Stephen Moody
Stephen Moody, director of U.S. Army Natick Solider Research, Development and Engineering Center

SAN FRANCISCO — Today’s combat rations may lead the way for tomorrow’s consumer packaged goods. A number of processing and packaging technologies seen on grocery store shelves were developed to feed soldiers and marines, said Stephen Moody, director of U.S. Army Natick Solider Research, Development and Engineering Center.

“A lot of what we do is focused on military feeding but makes its way into the commercial sector,” Mr. Moody said during a presentation at the Future Food-Tech conference, held March 22-23 in San Francisco. “In those instances where we have a new technology or a new food ingredient, something that makes food better, taste better, last longer, be safer, it has to be something that’s going to be embraced by the commercial sector...”

The Department of Defense Combat Feeding Directorate is a joint-service program that researches, develops, tests and integrates systems for feeding warfighters. While food safety is a top priority on the battlefield, recent work focuses on human performance, Mr. Moody said.

“Looking at the way that nutrition affects physical and cognitive performance is something we really want to leverage,” Mr. Moody said. “Eventually what we would like to do is move into a space where we can tailor nutrition to an individual.”

One potential solution for offering personalized nutrition to soldiers is 3-D food printing, Mr. Moody said.

“Those are the types of things we are looking at far into the future knowing that it’s not right around the corner, but if we don’t start laying the groundwork for that type of science right now, we’re not going to get there,” he said.

Flexible packaging plays an important role in today’s military rations, particularly when a warfighter must carry several days of food during a deployment, Mr. Moody said.

“From an operational relevance standpoint we’ve got soldiers, Marines right now, all over the world doing a variety of different missions from high-altitude missions of 10,000 to 14,000 feet to desert environments where they’re doing heavy excursion exercise in very high temperatures to arctic conditions where they’re in extreme cold environments,” Mr. Moody said. “We need to be able to give the right foods for each of those environments to try to maximize nutrition to make sure they have food that’s usable for them in those conditions as well as food that they want to eat as well.”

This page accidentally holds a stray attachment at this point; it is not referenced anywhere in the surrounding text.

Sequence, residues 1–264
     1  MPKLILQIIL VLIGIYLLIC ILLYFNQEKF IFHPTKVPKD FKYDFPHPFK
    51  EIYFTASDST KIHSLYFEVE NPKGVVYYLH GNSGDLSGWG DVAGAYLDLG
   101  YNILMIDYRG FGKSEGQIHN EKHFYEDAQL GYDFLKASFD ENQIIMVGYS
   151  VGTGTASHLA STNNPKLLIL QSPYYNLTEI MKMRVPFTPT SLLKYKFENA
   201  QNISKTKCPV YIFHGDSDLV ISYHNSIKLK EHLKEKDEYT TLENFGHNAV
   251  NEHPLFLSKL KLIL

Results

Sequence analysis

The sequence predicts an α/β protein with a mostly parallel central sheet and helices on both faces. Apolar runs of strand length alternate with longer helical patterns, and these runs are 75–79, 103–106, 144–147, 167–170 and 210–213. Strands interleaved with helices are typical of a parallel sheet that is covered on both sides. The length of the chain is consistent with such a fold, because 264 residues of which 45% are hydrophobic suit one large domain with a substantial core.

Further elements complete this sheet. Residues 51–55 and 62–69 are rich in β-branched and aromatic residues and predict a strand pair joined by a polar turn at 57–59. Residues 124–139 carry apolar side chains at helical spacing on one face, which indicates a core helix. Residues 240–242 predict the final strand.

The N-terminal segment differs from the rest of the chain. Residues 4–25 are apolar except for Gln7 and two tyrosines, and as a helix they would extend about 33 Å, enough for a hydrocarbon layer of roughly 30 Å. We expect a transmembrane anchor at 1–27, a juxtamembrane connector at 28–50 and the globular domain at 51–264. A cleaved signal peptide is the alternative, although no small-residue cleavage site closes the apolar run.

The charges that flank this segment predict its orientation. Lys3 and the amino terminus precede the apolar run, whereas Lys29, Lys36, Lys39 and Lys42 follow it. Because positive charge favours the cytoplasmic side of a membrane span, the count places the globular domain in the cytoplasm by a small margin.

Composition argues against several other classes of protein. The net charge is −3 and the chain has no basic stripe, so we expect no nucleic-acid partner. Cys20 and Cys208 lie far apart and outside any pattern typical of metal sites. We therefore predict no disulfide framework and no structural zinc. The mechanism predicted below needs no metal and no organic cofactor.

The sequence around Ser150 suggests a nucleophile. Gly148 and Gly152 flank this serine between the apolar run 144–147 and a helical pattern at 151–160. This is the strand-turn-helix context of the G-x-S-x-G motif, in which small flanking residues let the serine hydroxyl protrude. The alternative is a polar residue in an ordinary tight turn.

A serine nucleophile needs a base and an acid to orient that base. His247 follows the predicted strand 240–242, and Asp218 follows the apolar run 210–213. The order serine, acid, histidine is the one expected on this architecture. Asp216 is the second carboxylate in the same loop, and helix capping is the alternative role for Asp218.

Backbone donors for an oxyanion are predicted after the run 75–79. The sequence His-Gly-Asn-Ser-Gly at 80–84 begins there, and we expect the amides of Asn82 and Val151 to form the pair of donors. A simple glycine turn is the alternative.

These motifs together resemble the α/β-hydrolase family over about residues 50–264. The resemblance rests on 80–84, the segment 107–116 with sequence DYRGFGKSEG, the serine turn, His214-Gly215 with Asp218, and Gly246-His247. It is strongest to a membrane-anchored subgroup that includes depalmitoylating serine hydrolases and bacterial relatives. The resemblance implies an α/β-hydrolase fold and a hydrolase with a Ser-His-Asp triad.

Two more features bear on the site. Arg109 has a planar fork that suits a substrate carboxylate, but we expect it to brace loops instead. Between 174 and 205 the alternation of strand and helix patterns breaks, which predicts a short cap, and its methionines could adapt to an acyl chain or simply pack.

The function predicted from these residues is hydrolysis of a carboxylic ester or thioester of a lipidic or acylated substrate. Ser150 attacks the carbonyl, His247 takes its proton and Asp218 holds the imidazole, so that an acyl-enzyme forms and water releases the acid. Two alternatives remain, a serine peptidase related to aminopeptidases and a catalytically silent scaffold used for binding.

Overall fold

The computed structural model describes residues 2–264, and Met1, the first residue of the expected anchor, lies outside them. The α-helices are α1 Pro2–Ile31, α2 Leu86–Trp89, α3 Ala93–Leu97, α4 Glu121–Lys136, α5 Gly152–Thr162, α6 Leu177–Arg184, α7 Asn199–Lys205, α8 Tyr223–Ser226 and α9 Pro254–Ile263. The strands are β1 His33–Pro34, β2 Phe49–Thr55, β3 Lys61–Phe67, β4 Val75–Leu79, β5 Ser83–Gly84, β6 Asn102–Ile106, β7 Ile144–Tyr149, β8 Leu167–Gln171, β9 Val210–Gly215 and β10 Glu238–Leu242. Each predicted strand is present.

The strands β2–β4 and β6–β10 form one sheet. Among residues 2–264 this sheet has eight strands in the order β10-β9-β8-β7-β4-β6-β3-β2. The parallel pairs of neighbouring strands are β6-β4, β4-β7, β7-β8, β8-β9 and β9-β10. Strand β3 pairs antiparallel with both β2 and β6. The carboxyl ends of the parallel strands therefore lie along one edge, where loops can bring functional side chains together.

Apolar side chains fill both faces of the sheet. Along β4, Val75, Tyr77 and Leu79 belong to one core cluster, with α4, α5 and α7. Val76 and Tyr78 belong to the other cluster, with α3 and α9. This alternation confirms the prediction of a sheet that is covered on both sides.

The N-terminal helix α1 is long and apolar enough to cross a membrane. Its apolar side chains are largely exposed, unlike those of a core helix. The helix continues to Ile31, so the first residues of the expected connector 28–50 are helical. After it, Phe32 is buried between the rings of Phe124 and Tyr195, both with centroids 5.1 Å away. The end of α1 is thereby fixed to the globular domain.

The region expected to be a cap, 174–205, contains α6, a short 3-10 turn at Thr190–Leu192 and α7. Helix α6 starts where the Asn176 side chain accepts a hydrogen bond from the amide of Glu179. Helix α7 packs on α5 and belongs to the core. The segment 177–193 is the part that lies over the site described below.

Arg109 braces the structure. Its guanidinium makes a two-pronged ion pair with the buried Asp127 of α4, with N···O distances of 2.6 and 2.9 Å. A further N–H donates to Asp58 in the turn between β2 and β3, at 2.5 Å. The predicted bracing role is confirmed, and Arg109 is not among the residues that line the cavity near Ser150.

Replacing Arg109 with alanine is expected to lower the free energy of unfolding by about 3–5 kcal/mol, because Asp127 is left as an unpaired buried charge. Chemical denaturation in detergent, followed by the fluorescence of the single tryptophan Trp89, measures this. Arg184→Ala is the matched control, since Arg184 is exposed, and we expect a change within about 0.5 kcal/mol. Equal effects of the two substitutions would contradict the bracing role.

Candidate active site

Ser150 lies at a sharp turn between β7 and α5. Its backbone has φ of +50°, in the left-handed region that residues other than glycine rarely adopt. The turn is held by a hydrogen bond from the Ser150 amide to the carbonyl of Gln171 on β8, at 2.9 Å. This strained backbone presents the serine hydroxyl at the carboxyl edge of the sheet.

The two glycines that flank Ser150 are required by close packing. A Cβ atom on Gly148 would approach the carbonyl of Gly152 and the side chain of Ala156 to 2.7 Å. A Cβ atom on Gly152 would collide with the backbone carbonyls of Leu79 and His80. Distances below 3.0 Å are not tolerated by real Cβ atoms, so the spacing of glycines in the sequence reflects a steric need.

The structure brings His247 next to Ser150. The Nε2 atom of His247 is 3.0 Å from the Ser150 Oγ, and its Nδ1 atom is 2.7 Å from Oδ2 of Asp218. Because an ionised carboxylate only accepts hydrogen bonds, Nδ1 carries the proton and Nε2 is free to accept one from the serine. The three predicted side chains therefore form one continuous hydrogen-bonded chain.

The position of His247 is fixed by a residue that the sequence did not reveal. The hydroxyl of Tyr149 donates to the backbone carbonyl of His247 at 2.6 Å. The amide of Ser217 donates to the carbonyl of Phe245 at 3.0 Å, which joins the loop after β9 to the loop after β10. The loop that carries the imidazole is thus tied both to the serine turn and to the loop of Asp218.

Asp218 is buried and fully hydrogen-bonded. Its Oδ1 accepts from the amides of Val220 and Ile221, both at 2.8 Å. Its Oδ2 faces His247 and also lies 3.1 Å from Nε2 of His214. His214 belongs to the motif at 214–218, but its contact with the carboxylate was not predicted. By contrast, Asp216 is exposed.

Digestive health is an emerging area of interest in combat feeding, Mr. Moody said.

“We have looked at prebiotics and probiotics; we continue to look at the state of the science regarding that,” he said. “We have the shelf-life issue that we run up against oftentimes, so our work with probiotics is pretty much at a standstill right now because our products are required to last for three years in 80 degrees Fahrenheit and six months at 100 degrees Fahrenheit, and we’ve yet to find a viable probiotic (to survive) after that type of stress. We’ll see where that goes in the future, but, again, we’re at something of a hiatus.”

An area of opportunity for naval operations is hydroponic gardening, Mr. Moody said.

“That’s one application where folks are going out to sea in submarines in particular and they might not be resupplied for many, many weeks and can only carry enough fresh produce for the first couple of weeks,” he said. “We’re hoping to be able to use that type of technology to allow them to have a self-replenishing supply of leafy greens on a limited basis.”